Texas Child Support Drivers License Suspension

Texas’ license suspension rules are pretty straightforward: Under TFC 232.003, if you are behind in child support for 3 or more months, and were given an opportunity to catch up but failed, a court or the IV-D Agency may order the suspension of your licenses or permits. The state has the authority to cease various kinds of licenses, including drivers, law, medical, gaming, fishing, teaching plumbing, etc. licenses.
Because an NCP has a property interest in her state-issued license, she is entitled to notice of the state’s intention to suspend her license. The notice received should provide her with at least the license/permit type, its number, and the licensing authority.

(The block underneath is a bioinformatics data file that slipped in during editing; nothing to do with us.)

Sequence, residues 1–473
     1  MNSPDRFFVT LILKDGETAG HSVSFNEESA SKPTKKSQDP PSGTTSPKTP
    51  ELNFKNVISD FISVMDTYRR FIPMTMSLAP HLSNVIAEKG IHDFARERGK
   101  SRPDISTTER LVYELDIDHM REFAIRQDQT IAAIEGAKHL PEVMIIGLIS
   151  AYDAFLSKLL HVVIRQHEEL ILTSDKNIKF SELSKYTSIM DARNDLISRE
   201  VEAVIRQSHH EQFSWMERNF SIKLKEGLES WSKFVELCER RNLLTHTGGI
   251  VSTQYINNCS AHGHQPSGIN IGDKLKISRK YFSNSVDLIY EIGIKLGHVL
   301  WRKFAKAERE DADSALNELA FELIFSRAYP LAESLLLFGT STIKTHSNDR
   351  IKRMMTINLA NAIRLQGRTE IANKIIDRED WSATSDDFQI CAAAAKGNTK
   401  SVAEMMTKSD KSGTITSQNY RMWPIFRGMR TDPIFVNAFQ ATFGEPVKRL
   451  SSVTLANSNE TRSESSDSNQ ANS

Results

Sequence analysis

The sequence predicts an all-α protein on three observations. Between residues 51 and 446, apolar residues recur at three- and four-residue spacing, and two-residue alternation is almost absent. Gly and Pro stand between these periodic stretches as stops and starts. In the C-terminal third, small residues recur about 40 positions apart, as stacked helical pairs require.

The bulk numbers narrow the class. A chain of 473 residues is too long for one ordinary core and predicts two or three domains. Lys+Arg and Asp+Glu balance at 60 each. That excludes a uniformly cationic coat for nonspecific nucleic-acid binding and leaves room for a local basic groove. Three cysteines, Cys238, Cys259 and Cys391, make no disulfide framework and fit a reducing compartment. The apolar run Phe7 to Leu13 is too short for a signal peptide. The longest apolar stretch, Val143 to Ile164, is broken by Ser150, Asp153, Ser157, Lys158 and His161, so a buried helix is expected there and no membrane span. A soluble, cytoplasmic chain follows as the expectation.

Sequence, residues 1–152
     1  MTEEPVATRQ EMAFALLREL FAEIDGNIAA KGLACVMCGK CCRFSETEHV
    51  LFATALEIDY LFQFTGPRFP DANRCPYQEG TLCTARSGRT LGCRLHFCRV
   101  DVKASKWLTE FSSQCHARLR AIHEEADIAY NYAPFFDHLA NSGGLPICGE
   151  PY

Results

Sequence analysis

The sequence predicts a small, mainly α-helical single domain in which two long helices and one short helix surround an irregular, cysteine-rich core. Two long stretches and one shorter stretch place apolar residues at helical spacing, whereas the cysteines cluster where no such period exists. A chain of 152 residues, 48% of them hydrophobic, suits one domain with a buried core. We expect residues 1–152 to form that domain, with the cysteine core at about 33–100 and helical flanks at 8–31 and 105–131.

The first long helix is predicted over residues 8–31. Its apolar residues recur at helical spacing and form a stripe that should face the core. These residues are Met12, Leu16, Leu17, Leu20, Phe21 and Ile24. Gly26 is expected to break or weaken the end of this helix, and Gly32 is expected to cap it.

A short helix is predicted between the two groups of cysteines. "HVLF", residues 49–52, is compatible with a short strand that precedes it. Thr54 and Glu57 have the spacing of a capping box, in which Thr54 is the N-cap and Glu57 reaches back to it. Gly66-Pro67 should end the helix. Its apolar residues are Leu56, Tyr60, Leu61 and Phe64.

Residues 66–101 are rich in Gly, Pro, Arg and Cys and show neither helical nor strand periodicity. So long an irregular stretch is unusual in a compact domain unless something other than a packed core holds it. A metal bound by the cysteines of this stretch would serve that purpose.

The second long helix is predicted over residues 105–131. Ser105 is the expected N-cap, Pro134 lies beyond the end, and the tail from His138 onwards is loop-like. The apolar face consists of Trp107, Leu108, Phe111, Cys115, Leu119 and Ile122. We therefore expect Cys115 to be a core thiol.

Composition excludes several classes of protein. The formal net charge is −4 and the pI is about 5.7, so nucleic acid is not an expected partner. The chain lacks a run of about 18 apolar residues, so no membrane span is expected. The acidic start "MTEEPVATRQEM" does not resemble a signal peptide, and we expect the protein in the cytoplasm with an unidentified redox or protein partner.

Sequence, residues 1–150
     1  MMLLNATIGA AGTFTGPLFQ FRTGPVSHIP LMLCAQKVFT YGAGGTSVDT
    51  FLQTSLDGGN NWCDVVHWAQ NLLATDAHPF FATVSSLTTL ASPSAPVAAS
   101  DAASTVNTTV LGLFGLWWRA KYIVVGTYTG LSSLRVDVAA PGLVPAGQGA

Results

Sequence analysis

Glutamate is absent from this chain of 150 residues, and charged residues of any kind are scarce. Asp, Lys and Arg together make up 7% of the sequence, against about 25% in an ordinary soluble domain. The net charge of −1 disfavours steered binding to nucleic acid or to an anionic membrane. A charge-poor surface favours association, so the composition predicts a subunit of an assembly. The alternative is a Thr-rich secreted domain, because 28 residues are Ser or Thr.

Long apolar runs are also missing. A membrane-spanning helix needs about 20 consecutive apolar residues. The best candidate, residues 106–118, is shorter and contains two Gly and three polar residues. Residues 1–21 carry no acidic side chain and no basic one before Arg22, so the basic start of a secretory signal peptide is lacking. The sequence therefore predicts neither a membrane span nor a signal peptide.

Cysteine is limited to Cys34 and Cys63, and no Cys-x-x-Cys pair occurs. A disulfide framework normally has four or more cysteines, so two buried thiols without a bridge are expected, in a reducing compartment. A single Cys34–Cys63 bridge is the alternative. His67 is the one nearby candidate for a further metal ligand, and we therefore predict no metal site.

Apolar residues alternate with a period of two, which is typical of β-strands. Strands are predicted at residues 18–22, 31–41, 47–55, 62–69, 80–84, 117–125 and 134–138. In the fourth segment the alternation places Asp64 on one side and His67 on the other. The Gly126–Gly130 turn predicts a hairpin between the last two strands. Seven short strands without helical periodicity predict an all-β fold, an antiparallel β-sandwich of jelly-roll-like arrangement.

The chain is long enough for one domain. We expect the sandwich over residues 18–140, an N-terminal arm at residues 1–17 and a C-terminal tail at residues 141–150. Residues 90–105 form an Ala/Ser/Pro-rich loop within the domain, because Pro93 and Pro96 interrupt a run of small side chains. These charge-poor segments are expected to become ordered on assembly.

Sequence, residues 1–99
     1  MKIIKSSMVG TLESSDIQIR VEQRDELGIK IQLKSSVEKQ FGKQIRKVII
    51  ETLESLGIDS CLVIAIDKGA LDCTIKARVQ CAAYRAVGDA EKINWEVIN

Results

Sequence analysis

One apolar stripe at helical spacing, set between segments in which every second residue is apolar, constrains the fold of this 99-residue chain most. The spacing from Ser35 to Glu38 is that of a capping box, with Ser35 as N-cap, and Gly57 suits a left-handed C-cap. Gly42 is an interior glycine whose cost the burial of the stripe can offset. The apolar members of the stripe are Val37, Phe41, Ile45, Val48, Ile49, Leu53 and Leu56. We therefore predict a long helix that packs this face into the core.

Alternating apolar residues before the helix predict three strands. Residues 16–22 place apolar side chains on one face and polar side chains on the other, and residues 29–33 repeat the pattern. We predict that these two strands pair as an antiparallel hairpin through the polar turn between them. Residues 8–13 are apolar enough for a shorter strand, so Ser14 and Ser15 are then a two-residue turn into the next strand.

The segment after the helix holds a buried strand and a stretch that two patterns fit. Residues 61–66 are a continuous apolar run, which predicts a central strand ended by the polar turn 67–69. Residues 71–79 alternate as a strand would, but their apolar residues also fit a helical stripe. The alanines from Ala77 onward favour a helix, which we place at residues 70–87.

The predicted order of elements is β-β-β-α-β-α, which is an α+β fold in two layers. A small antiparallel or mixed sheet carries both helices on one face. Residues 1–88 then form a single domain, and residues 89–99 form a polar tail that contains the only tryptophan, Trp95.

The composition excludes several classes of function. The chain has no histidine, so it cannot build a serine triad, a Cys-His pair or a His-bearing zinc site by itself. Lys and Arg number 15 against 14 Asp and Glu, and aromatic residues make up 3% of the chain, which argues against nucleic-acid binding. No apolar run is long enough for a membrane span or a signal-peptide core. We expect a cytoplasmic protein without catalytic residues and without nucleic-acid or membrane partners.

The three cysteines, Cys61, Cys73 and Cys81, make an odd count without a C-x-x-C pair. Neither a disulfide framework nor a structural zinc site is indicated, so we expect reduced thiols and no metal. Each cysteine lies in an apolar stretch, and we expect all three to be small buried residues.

Once she receives notice, she should verify that the information contained in the letter is correct (there’s always the chance of mistaken identity). She should note and calendar any deadlines.


Options for resolving a license suspension threat may range from as quick as just paying off the negative balance to as exhaustive as hiring an attorney to contest the suspension threat, it all depends on the set of facts. One option of course is not doing anything! But good luck with that. Letting one’s license get suspended has serious negative consequences, the least of which is a long appeals process that may be necessary to unsuspend a license.